Our purpose here at HomeServicesLink is to prevent this from happening to you and heaven forbid it does, we help resolve the issue. Our screening process greatly reduces the chances of one of these scammers getting into our network. The on-going performance monitoring and quality control checks are intended to nip any developing issues in the bud. If you ever have issues with anyone we have referred, please inform us immediately. Don’t let it simmer and stress you out. Home improvement is the #2 consumer complaint issue and we are working to move it much further down the list.
HomeServicesLink is here to help you with any need from a simple handyman to a general contractor. We are only an email or call 513-271-1888 away.
My brother-in-law is the handy one in the family. More than just handy, he is incredibly adept at fixing, installing and building just about anything. He built a rocking horse when my niece was born; he built a beautiful deck in his backyard. We’re talking serious skill here.
But even with all of his expertise, last year he accidentally almost cut off his finger while working with a table saw. He was not alone in ending up in the emergency room with a major injury. Each year, hundreds of thousands of Americans seriously injure themselves while undertaking home improvement projects. As we rush to finish all those summer projects still on our to-do list, we need to be aware of the need for safety and preparation.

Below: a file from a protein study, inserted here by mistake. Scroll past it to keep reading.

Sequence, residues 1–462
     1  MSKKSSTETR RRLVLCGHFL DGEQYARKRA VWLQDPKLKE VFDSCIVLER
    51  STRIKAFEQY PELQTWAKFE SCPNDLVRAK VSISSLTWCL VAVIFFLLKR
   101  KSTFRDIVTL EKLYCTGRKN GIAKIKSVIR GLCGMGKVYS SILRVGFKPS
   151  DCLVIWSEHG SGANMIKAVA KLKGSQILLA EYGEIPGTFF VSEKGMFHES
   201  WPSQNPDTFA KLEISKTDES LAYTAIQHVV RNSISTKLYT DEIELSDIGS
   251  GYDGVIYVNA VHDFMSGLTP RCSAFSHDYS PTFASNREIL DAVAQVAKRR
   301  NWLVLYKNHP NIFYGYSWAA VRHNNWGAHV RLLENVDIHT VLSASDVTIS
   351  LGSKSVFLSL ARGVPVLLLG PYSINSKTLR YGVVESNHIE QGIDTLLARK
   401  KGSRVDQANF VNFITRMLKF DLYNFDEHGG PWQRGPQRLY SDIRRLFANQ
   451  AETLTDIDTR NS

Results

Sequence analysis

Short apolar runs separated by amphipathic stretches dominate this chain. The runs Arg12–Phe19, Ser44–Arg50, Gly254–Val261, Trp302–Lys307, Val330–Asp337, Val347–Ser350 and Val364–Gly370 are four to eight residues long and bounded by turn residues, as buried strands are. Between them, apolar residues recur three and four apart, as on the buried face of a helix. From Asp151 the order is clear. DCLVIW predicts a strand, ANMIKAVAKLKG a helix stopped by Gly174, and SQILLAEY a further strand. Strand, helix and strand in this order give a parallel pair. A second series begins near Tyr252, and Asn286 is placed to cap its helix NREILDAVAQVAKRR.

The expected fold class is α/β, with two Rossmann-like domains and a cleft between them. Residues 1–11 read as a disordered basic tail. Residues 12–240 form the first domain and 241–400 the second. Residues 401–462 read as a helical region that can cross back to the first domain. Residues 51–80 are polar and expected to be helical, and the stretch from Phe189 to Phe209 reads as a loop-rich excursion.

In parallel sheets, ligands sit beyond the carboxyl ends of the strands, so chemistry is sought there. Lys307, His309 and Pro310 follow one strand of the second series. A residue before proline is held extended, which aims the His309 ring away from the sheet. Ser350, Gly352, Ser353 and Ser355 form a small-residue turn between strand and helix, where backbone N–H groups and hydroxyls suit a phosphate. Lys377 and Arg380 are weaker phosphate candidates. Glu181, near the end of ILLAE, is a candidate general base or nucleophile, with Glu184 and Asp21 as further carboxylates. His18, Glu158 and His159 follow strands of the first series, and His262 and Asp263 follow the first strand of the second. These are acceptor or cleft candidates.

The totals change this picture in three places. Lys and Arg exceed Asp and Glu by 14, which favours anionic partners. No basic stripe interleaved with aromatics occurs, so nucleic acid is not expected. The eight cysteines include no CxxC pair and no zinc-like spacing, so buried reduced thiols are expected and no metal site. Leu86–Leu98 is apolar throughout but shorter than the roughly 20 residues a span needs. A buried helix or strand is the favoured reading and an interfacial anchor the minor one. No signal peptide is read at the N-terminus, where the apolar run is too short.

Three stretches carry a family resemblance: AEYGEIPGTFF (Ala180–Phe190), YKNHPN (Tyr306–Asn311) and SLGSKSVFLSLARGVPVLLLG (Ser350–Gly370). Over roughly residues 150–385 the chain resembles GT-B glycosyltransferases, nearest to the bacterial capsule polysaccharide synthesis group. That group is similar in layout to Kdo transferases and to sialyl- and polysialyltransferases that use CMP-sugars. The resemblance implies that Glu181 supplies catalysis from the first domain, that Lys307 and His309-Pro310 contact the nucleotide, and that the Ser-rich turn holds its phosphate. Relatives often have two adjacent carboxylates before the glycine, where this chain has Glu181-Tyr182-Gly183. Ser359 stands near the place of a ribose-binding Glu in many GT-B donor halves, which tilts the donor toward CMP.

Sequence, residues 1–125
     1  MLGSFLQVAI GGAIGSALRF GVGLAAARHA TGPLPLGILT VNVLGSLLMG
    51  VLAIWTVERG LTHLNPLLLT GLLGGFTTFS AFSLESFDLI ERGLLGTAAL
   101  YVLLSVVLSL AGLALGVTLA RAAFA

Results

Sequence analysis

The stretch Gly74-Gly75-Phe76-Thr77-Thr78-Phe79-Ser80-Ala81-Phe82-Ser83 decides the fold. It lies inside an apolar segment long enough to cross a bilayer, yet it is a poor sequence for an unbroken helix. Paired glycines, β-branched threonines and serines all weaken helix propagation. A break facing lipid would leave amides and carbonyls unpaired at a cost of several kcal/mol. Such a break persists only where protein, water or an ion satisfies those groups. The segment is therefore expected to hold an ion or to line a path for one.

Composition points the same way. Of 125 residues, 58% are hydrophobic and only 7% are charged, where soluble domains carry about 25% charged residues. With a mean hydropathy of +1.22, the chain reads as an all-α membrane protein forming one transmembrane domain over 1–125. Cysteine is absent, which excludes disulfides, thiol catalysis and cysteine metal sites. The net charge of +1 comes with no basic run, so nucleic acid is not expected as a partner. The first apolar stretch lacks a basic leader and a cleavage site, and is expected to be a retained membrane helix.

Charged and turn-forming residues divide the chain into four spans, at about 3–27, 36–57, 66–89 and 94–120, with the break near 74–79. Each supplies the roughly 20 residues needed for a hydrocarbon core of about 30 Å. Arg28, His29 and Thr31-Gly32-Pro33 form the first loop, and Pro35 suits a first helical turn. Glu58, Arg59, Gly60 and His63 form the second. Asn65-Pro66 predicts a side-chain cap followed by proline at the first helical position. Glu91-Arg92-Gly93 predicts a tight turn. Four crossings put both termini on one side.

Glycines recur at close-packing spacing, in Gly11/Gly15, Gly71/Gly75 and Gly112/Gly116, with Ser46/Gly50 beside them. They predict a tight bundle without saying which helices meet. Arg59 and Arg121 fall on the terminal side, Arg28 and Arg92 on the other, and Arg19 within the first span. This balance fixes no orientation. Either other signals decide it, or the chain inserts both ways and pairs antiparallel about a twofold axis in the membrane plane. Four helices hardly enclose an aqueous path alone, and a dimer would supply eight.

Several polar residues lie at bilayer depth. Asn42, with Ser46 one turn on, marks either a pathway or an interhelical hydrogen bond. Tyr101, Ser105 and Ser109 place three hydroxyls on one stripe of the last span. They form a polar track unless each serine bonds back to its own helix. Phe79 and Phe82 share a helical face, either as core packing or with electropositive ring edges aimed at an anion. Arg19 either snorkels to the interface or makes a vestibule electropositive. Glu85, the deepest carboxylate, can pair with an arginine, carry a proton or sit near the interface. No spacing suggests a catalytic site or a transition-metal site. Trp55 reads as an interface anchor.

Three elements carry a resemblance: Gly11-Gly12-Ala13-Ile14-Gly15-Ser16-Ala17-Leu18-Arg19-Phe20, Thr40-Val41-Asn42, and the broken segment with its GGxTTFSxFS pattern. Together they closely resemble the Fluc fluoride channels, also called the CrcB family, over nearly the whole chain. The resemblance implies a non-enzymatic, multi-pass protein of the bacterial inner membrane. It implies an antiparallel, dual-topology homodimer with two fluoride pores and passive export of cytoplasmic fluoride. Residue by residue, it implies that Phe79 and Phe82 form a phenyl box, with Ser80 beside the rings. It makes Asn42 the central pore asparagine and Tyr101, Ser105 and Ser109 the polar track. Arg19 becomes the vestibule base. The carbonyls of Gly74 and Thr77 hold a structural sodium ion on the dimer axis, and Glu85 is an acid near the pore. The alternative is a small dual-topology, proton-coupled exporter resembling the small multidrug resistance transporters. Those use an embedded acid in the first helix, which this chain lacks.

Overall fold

The struggling economy has led to an increase in injuries stemming from do-it-yourself projects, as homeowners try to save money by not hiring professionals. According to Dr. Gail Rousseau, a board member of the American Association of Neurological Surgeons (AANS), there is also a spike in such injuries when the weather is nice.
According to the Centers for Disease Control and Prevention, the incidence of penetrating nail-gun injuries treated at U.S. hospital emergency rooms has tripled in the last two decades. They note that 40 percent of these are by do-it-yourselfers.
Along with nail guns, items that are fairly common in backyards, garages, gardens and home workshops and are usually thought of as harmless, contribute to approximately 100,000 head injuries and 46,000 neck injuries a year. The AANS states that “the more severe injuries are incurred by falling or bumping into an object forcefully. The biggest culprits include ladders, garage doors, manual and power tools, poles, fences, porches and balconies, items used in the garden such as tools, hoses, sprinklers and nails, screws, tacks and bolts.”
Some of these accidents can be life-altering or fatal, and many can be prevented.
All that being said, if you are planning on tackling that home project you have put off all summer, heed Mom’s Rx to get the job done efficiently and safely:
- Plan ahead by thoroughly understanding all of the steps you need to complete.